“And now, with Seamus dead and you in jail, I’m going to have to run the bar by myself. Whatever will I do?” Her voice was quiet. “Oh, right, the same thing I’ve always been doing. Running it while you and Seamus act like idiots. Dad should’ve left it to me. That would’ve made everything a lot easier.”
“But, Gwen, you…” The words stumbled off my tongue. “You know I didn’t…”
“Well, I gave a sworn statement to the cops that you did.” She smiled. “You should be happy. Seamus is six feet under, where he belongs. And you’ll get twenty-five years, maybe with time off for good behavior.”
Set up by my own sister? I couldn’t believe she would do that to me. “You’ll never be able to run our sideline business. Seamus and I handled that. You don’t know how.”
“Harry’s going to help me with that. Didn’t you know we’re a couple? That time you ran into him outside my building, I thought you might’ve figured that out. I guess you weren’t as bright as we thought.”
After she left, an officer came over to the cage. He let me out and cuffed me, then dragged me downstairs to arraignment. In court they read out my name as “William McCraggan.” I wished suddenly, with all my heart, that I could go back to being Billy again.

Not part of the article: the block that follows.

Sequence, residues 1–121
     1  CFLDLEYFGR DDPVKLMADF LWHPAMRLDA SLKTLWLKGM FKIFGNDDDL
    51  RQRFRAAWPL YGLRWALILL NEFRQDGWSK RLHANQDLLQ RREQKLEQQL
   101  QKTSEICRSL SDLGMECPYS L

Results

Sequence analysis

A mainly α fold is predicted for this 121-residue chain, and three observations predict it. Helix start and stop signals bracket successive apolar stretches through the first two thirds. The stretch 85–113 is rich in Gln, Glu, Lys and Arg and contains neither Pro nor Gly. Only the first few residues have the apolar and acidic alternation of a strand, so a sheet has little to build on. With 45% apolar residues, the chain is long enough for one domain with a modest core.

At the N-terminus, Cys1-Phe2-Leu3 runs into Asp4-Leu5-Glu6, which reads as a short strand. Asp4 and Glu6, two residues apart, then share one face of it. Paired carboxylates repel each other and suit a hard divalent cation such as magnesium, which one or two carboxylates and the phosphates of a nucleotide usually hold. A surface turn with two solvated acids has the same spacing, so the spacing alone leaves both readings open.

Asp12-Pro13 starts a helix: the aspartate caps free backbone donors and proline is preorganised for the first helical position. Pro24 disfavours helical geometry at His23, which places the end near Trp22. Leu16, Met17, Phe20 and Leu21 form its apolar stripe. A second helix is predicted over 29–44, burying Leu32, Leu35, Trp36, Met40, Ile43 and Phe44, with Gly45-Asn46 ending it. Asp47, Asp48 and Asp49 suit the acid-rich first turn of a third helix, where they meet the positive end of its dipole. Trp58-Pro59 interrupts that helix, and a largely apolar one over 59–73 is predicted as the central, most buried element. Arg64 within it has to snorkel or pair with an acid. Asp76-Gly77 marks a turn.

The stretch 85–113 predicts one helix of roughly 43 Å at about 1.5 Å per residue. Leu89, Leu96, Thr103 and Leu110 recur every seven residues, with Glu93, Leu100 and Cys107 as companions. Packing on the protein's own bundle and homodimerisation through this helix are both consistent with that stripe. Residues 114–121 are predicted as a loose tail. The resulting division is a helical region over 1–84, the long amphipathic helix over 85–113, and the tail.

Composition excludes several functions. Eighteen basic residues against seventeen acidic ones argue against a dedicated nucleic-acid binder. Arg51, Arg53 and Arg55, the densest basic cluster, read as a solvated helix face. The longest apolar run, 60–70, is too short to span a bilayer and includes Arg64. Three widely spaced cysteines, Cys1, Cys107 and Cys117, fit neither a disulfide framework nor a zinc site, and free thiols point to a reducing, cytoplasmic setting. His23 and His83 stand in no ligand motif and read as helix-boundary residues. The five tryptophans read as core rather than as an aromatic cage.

Hilary Davidson is a travel journalist and the author of eighteen nonfiction books. Her articles have appeared in more than 40 magazines, includingDiscover, Reader’s Digest, and Martha Stewart Weddings. Her short fiction has been widely praised and included in anthologies such as A Prisoner of Memory & 24 of the Year’s Finest Crime & Mystery Stories and Thuglit Presents: Blood, Guts, & Whiskey. Originally from Toronto, she now lives in New York City. Her debut novel, The Damage Done has been nominated for the Anthony Award for Best First Novel, the Macavity Award for Best First Mystery, and the Arthur Ellis Award for Best First Crime Novel.